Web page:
Investors Cut Back US Stocks, Seeking Bigger Growth Abroad
CNBC.com Senior Writer
Even as the US market continues to rally, many institutional investors are trimming their US holdings and putting more money in foreign stocks—especially those in emerging markets.
Expectations that the US economy faces slow growth in the years ahead—which likely means tepid gains for domestic stocks—have prompted more investors to look abroad for better growth opportunities.
A recent survey of major institutional investors by BofA-Merrill Lynch confirms this trend.
"We found a tremendous strategic desire to move away from US equities, particularly large-cap, and toward a more global mandate," analyst John Haugh wrote in a research note. "Emerging market equities are the most desirable asset class over the next 12 months, with 42% looking to add/increase investment."
The survey asked 111 institutional advisors with more than $1 trillion in assets under management for their coming investment strategies.
Decreasing their holdings of large-cap US stocks was the message from 39 percent of the advisors, which BofA-Merrill said could indicate $300 billion to $500 billion flowing out of that category over the next three to five years.
The survey also showed that institutional investors continue to believe in hedge funds, with Asia-based funds—excluding Japan—the most popular.
A shift to global assets has been a popular theme this week among analysts. Many believe the US rally is starting to wear thin and point to low volume on up days and higher volume for down days.
"We can't help but think that the tone of markets reflected in day-to-day trading of late is beginning to show at least a need for investors to pause, take some profits and ... seek the next catalyst that can drive the markets' direction into 2010," Ticonderoga Securities analyst John Stoltzfus wrote in a note to clients.
Mike O'Rourke, chief strategist at BTIG, points out that money is beginning to come out of money markets—down from the January 2009 peak of $3.9 trillion to the current level of $3.3 trillion.
But despite the recent gains, O'Rourke notes that US equity funds have experienced net outflows of $18 billions this year, coinciding with net inflows of $25 billion to foreign equity funds.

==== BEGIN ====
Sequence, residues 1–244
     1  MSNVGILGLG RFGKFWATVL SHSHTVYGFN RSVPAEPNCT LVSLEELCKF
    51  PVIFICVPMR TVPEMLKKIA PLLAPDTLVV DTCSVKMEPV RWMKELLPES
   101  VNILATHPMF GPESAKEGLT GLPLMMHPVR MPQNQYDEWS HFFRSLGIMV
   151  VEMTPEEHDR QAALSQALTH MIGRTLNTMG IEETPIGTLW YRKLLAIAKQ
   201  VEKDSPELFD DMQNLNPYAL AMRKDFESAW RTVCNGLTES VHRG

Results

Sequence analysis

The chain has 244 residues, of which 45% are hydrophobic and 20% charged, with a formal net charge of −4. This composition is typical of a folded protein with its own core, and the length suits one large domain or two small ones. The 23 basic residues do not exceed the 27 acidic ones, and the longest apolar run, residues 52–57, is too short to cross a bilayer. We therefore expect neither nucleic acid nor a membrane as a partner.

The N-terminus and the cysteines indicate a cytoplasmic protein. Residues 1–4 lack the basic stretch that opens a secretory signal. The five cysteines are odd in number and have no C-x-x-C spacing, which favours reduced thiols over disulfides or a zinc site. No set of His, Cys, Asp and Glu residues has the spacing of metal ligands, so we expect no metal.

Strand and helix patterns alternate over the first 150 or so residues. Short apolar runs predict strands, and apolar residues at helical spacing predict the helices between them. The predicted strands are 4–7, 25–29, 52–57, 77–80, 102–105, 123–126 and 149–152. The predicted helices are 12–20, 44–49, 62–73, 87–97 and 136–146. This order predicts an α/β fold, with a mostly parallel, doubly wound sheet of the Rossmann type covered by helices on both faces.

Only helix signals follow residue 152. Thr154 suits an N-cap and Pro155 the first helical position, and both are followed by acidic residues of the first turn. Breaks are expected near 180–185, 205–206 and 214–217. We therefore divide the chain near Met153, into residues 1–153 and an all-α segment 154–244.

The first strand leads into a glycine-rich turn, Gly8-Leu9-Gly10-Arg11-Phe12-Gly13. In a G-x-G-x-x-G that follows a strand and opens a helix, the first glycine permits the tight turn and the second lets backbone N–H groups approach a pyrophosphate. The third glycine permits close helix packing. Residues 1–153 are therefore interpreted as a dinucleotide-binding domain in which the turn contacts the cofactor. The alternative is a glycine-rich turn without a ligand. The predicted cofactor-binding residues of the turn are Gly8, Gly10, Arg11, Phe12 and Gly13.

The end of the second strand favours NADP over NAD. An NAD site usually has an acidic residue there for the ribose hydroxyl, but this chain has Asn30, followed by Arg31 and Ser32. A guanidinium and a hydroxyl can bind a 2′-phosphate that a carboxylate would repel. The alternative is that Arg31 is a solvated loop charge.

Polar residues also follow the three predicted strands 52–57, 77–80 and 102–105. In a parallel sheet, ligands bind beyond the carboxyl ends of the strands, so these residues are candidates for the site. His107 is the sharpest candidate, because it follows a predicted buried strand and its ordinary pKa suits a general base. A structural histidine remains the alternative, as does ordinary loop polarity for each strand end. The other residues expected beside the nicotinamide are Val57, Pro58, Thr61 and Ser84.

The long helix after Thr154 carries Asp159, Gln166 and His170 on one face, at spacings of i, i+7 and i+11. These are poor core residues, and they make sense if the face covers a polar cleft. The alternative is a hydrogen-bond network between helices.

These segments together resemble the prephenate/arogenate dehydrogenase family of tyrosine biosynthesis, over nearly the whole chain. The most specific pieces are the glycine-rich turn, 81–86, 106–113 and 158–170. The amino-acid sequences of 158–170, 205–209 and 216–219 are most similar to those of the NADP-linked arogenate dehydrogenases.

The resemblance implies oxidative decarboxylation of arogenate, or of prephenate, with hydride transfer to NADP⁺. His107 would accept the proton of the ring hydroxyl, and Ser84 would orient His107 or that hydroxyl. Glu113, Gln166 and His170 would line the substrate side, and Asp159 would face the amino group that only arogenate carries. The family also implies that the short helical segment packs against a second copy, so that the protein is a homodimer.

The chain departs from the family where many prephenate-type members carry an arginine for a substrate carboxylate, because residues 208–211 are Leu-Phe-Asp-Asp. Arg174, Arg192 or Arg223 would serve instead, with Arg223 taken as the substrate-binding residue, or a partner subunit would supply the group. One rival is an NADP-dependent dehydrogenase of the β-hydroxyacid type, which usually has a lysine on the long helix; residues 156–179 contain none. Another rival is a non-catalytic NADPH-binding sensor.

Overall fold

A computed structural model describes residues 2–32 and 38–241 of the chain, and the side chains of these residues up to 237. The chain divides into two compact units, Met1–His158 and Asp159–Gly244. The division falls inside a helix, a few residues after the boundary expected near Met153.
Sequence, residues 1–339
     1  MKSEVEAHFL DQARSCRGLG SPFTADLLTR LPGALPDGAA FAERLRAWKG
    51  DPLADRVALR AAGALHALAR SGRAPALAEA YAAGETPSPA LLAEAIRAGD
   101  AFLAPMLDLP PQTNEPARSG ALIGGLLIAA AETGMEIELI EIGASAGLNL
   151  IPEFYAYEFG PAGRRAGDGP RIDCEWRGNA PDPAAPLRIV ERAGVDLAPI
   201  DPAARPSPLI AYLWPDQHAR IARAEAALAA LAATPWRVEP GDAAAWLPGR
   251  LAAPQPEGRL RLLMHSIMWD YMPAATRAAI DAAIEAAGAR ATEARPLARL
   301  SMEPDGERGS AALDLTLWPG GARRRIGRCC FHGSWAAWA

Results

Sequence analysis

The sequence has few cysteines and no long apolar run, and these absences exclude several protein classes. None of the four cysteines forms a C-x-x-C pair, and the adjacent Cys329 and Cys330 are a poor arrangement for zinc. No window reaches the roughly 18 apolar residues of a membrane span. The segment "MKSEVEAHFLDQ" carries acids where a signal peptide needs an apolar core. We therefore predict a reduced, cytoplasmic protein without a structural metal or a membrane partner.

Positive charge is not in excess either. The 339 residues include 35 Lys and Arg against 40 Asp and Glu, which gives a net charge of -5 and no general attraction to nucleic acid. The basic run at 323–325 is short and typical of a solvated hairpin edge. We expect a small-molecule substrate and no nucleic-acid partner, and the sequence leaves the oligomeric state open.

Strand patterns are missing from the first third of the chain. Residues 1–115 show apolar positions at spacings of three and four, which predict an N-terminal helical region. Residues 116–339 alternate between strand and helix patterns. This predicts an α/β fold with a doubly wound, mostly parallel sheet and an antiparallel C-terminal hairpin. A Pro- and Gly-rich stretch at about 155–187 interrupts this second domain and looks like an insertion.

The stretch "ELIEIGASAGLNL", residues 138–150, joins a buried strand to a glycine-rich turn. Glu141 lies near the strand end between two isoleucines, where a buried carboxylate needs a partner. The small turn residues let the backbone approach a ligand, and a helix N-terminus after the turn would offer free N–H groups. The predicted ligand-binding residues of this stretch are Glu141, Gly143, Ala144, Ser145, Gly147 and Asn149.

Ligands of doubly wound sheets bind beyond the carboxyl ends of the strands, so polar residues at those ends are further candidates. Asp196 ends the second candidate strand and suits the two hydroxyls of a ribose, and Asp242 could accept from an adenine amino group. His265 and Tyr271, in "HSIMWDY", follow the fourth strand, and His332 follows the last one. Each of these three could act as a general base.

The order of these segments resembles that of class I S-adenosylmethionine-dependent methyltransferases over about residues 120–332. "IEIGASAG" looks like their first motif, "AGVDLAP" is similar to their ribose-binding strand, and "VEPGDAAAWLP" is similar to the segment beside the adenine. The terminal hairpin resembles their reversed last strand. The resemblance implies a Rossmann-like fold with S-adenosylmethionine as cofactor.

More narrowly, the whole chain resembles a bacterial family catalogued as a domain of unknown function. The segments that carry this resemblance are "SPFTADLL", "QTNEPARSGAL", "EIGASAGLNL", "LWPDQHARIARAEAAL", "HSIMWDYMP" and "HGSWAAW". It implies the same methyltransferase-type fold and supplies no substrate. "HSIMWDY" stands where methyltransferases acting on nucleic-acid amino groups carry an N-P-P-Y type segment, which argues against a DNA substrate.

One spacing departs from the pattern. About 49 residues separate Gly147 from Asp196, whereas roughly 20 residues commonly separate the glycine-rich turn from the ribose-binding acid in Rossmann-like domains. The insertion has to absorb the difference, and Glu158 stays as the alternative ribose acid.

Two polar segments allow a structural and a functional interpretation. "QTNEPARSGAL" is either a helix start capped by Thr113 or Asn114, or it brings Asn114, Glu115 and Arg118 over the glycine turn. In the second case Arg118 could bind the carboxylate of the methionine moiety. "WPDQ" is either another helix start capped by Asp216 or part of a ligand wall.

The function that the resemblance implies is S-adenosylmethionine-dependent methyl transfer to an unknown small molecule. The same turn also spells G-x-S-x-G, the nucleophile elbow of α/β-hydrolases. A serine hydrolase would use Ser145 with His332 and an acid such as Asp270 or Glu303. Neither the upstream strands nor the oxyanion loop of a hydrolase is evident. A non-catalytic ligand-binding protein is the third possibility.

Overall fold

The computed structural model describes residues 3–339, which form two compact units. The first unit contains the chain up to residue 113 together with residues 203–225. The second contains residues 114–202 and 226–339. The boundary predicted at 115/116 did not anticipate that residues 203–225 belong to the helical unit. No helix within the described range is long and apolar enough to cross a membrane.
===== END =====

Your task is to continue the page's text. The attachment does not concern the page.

"With all of that cash coming out, one would think that some of it may have found its way to the equity funds but it has not," O'Rourke writes. "[D]espite the 65% rally in this market off its March low and the very real possibility that it was a generational low, investors continue to sell this market."
While the overall direction of the market is up for debate, portfolio managers have been emphasizing to their clients the importance of diversifying out of US-only assets.
Advisors are making sure their clients are committing at least 20 percent of their portfolios to foreign markets, with about a quarter of that devoted to emerging markets.
"We think international should be a material component in portfolios. It's important for diversification," says Beth Larson, principal at Evermay Wealth Management in Washington, D.C. "It probably should be a larger component than many individual clients think it should be."
Investors looking for foreign exposure are turning to the swelling numbers of exchange-traded funds dedicated to those markets.
The funds are divided into several categories and allow investing in foreign markets as a whole, specific countries within the group, and particular sector plays that are focused on international markets. Emerging markets—China, India, Brazil and a slew of others—make up a significant and increasingly popular component within the foreign market group.
The gains so far have been impressive. For example, the Vanguard Emerging Markets Fund , one of the more heavily traded broad-based funds, is up 59 percent in 2009, while the Standard & Poor's 500 is up only about 16 percent over the same period.
Still, some analysts caution that the international market could be overheating and may face the same kind of pullback expected in the US. For that reason, portfolio managers say you shouldn't go overboard in loading up on international stocks.
Bob Jergovic, CIO at CLS Investments in Omaha, Neb., advocates about a 30 percent portfolio allocation toward foreign markets, with half that to emerging countries. He favors broad plays in the area as well as specific ETFs that focus on Brazil and China.
Among his recommendations are an array of iShares funds: MSCI Emerging Markets Index; the S&P Latin America 40 Index; the MSCI Brazil Index and the FTSE/Xinhua China 25 Index.
"The important thing really is emerging market investments are part of a portfolio—they're never the whole portfolio," says . "Whether it's international investing in developed countries or emerging countries, it should always be always be a part of the portfolio, not all."